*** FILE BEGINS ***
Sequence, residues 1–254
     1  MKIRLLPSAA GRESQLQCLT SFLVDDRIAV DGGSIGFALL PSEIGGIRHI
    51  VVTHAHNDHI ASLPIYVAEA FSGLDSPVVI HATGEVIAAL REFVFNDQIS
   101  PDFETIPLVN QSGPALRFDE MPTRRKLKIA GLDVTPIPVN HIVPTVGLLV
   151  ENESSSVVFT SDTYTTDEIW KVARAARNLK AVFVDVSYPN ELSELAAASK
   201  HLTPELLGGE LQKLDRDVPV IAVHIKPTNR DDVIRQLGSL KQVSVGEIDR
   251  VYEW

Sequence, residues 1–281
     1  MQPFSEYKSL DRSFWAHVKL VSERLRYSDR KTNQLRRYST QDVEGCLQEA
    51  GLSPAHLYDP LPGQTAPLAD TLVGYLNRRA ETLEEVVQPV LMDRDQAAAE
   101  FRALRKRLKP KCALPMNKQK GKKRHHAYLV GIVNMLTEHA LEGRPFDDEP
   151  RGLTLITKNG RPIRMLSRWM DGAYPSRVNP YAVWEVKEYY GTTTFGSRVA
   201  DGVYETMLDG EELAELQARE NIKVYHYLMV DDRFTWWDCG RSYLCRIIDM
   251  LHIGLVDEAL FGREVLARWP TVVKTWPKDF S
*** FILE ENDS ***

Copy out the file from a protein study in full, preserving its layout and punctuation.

Sequence, residues 1–254
     1  MKIRLLPSAA GRESQLQCLT SFLVDDRIAV DGGSIGFALL PSEIGGIRHI
    51  VVTHAHNDHI ASLPIYVAEA FSGLDSPVVI HATGEVIAAL REFVFNDQIS
   101  PDFETIPLVN QSGPALRFDE MPTRRKLKIA GLDVTPIPVN HIVPTVGLLV
   151  ENESSSVVFT SDTYTTDEIW KVARAARNLK AVFVDVSYPN ELSELAAASK
   201  HLTPELLGGE LQKLDRDVPV IAVHIKPTNR DDVIRQLGSL KQVSVGEIDR
   251  VYEW

Sequence, residues 1–281
     1  MQPFSEYKSL DRSFWAHVKL VSERLRYSDR KTNQLRRYST QDVEGCLQEA
    51  GLSPAHLYDP LPGQTAPLAD TLVGYLNRRA ETLEEVVQPV LMDRDQAAAE
   101  FRALRKRLKP KCALPMNKQK GKKRHHAYLV GIVNMLTEHA LEGRPFDDEP
   151  RGLTLITKNG RPIRMLSRWM DGAYPSRVNP YAVWEVKEYY GTTTFGSRVA
   201  DGVYETMLDG EELAELQARE NIKVYHYLMV DDRFTWWDCG RSYLCRIIDM
   251  LHIGLVDEAL FGREVLARWP TVVKTWPKDF S